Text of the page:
A Midsummer Nights Dream- Conventions of Comedy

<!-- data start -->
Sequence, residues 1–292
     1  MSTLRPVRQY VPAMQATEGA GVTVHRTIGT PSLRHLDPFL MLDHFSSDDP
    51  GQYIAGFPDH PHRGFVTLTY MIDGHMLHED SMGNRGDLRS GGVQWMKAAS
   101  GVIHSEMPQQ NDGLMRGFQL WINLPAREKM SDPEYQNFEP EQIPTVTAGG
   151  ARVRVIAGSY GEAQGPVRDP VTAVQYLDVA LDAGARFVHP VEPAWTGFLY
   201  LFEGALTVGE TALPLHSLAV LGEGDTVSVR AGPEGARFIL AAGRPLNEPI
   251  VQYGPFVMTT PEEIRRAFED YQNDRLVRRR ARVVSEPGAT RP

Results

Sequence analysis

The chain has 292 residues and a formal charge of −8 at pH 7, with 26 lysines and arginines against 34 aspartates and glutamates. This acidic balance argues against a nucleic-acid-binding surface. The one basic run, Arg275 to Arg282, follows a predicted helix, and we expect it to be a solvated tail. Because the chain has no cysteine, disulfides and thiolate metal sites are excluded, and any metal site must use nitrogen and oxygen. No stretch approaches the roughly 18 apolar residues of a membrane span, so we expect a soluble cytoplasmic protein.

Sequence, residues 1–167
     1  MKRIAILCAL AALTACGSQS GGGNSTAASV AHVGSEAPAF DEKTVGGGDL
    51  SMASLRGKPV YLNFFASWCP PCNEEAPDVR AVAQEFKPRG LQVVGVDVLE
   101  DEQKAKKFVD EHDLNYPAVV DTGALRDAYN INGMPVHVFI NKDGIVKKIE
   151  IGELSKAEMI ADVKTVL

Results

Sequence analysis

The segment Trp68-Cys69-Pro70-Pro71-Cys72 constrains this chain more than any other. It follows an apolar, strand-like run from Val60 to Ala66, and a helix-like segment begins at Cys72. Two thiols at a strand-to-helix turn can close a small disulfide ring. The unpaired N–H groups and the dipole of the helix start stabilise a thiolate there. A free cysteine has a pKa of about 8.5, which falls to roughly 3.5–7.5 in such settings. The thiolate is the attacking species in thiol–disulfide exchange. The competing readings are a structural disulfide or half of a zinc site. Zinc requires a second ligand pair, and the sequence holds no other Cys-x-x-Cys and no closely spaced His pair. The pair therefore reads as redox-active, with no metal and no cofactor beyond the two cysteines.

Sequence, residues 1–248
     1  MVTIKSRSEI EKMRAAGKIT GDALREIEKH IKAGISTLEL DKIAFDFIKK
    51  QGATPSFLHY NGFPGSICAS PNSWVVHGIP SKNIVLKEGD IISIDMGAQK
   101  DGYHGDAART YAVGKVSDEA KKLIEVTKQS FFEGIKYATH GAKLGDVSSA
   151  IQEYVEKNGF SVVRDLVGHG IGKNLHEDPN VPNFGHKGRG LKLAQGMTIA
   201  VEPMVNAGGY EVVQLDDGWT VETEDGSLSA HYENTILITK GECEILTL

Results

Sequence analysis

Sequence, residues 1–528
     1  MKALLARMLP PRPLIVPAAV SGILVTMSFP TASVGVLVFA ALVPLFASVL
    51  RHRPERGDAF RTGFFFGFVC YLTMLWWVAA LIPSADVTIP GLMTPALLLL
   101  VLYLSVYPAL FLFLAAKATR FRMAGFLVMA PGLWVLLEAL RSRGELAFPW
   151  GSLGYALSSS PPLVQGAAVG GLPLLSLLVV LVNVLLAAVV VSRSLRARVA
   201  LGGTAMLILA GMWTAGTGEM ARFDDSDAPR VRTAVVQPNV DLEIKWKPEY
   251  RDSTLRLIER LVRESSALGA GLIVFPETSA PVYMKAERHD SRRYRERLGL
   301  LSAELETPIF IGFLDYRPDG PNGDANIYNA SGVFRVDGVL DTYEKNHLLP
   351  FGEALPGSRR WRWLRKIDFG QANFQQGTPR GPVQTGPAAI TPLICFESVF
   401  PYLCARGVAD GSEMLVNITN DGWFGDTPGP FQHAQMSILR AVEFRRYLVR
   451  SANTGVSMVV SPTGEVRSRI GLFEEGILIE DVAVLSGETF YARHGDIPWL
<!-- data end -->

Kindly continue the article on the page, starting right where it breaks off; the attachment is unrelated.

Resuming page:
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The basic formula for comedy has had more to do with conventions and expectations of plot and character with a requirement for lewd joke or cartoonish pratfalls” (Depaul University, Chicago pg 61) In light of this statement how far does ‘A Midsummer Night’s Dream’ conform to your expectations of comedy? Shakespeare uses a structure that follows conventions which conform to an audience expectation of comedy in ‘A Midsummer Night’s Dream’. The play begins in accord with the anticipation of Theseus and Hippolyta’s wedding, the play later transitions into discord when there is confusion between the lovers and in the Green world. The structure of ‘A Midsummer Night’s Dream’ traditionally follows the structure of a comedy as it begins in harmony and then falls into a sense confusion, this also conforms to the audiences ‘expectation of plot’ as the sense of confusion makes up the ‘basic formula of comedy’. Additionally Shakespeare explores gender roles through a series of ‘lewd jokes’ and ‘cartoonish pratfalls’ which typically follow ‘the basic formula for comedy’ and also support the audience’s ‘expectation of plot’. Simultaneously Shakespeare subverts the audience’s ‘expectation of plot and character’ when exploring gender roles through the characters, as it creates tension and becomes less comedic. Following the ‘basic formula for comedy’ ‘A Midsummer Night Dream’ begins with the preparations for a royal wedding which is portrayed as a joyous occasion, Theseus is looking forward to the wedding and wishes to celebrate “With triumph, and with revelling” (Act 1: Line: 19) Shakespeare then removes the feeling of happiness and replaces it with a sense of tension when Egeus enters furiously with his daughter Hermia. It appears that Shakespeare has chosen to place these two events next to each other in order to sustain the audiences ‘expectation of plot’ as it
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